Every year, about this time, I find myself getting philosophical. Don’t worry. I won’t bore or torture you with the countless inane, pretentious, half-baked or downright silly thoughts that flood my brain.
Still, as I approach yet another birthday, I feel like I’m standing outside my body, watching myself stroll into and stumble out of shows, and wondering if this is socially acceptable behavior for a man of my advanced age. After all, pop music, rock music and their infinite variants are really the domains of the young, aren’t they? It’s just unseemly for old guys to be hanging out, watching much younger guys get all angry and sweaty. Isn’t it?
I remember vividly when I first started writing about music. I was 29 years old – probably too old, even then. Excited about this new aspect of my life, I recall telling my older sister that I was getting lots of free CDs and tickets to shows, and that I was getting to interview some really talented people. Her response was, “What are you? 14 years old?”
Now, I happen to know that my loving sister – the person who first introduced to me to the joys of pop music by tuning in KIMN 950AM when I was about 7 – meant no offense with that question/comment. She was merely expressing how very different my 29-year-old reality was from her expectations.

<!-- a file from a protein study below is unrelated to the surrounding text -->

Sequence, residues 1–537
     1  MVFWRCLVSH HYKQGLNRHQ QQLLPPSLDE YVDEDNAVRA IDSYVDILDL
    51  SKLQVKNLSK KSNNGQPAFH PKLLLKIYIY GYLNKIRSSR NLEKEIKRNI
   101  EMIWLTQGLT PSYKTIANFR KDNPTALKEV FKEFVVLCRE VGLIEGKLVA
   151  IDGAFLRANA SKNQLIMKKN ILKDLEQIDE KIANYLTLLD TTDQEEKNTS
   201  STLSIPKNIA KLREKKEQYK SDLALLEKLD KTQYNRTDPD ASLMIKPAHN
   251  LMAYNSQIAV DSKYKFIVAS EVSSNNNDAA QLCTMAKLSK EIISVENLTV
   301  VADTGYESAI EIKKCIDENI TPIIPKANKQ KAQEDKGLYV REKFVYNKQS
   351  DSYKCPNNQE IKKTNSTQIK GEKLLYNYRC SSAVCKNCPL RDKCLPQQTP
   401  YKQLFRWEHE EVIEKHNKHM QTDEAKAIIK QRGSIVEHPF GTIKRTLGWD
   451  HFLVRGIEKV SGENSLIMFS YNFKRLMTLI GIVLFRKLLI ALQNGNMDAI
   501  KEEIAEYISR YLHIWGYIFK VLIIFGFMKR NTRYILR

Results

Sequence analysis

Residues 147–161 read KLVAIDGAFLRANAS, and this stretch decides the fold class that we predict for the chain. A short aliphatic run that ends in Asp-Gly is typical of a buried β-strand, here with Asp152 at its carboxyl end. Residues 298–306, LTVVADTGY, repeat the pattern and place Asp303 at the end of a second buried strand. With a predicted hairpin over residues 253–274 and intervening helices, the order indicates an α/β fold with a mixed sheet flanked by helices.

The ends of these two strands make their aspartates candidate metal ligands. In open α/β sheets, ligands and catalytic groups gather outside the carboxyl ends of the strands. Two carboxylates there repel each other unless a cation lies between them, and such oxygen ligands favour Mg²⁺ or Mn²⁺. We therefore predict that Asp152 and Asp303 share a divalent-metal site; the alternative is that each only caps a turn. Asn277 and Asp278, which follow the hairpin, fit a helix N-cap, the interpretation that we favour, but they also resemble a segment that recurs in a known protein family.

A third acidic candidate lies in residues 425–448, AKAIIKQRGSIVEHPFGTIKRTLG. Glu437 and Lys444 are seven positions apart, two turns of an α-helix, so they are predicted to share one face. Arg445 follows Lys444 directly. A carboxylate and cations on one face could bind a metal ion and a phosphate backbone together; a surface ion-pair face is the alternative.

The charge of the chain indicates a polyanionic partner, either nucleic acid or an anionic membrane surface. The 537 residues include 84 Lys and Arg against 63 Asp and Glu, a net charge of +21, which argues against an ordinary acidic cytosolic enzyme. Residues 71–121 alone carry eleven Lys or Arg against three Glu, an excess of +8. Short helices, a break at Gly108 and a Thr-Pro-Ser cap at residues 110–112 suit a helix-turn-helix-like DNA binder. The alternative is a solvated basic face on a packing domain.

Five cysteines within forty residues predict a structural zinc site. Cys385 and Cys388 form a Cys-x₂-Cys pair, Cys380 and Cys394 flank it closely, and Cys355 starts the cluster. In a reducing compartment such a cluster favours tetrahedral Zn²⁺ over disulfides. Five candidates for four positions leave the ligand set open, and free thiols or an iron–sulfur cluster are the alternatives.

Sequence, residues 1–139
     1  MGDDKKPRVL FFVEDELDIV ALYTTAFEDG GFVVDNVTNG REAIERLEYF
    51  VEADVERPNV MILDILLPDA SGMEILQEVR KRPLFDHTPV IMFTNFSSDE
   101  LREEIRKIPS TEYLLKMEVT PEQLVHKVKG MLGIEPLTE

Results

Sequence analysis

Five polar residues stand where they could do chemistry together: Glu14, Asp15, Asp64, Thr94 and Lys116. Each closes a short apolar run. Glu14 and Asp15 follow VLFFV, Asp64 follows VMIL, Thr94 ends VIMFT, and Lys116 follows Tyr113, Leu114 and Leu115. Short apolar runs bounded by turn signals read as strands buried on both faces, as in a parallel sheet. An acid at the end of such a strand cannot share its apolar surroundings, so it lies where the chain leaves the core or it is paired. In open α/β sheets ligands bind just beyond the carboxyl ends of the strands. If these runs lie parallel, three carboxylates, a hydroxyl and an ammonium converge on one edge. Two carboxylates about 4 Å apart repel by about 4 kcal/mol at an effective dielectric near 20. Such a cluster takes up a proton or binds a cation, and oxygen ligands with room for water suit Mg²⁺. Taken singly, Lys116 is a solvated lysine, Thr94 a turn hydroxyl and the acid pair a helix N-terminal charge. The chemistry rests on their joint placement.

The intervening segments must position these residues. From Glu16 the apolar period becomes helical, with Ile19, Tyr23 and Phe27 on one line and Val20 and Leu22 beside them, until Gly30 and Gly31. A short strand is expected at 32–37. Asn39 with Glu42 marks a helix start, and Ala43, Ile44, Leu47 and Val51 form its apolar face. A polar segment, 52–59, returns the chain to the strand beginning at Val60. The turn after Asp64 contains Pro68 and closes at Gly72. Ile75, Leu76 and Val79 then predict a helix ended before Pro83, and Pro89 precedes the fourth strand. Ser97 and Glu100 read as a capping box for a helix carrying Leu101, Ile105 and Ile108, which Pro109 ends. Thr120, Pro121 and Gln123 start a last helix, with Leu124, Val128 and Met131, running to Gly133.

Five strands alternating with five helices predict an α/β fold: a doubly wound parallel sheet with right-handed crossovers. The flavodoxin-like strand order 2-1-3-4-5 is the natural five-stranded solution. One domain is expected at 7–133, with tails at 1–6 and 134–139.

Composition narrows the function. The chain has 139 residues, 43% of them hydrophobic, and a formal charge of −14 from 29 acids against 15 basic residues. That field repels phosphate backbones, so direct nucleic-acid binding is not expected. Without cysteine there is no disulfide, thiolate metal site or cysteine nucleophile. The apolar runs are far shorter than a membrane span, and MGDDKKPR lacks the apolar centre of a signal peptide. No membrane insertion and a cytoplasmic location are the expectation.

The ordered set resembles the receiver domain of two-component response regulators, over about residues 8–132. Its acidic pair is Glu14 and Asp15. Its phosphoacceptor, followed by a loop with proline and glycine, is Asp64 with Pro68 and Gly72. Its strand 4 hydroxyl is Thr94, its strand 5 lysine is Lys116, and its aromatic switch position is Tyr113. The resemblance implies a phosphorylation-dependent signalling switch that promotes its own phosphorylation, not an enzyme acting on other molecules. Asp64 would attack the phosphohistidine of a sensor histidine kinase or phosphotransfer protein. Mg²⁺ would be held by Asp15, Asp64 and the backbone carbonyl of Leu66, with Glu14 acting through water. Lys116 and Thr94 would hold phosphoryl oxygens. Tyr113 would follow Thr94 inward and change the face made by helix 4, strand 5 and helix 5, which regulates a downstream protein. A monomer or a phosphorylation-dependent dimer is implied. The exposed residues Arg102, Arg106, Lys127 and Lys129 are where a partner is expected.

At the time, however, I felt judged, indignant and maybe a little ridiculed. I get that same feeling – shame mixed with indignation – as I think now about my elderly music consumption habits. Am I being judged? Probably. Should I care? No. Do I care? Probably a little.
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But I also realize that’s just me. And you, probably. I was way too into music at too young an age, and I’ll be way into it at too old an age. I’ll be a voracious music lover until the old white man in the sky stuffs those diaphanous, eternal cotton balls in my ears.
And that vision of stamina and endurance is kind of comforting. Never mind all that sex-drugs-rock-live-fast-die-young stuff. I plan to live a very, very long life, filled to bursting with more music than my shriveling brain and shrinking body can handle. I want these birthdays to keep coming because, to my way of thinking, it sure beats the alternative.
I picture myself as a toothless, hairless, liver-spotted, walker-wielding dotard, teetering into the Larimer Lounge on my 110th birthday to catch the latest electro-power-pop-jazz-metal quintet to have struck my fancy. I’ll greet the doorman with a smile, wave to the bartender and make my way to the foot of the stage. I’ll probably have to jostle a few youngsters out of my way and even crack a couple of kids’ toes with my walker, but they’ll just laugh and shake their heads at the crazy geezer as I take my position, front and center. I’ll look up at the musicians on the stage, throw my palsied devil horns in the air, and dare them to rock my old ass. – Eryc Eyl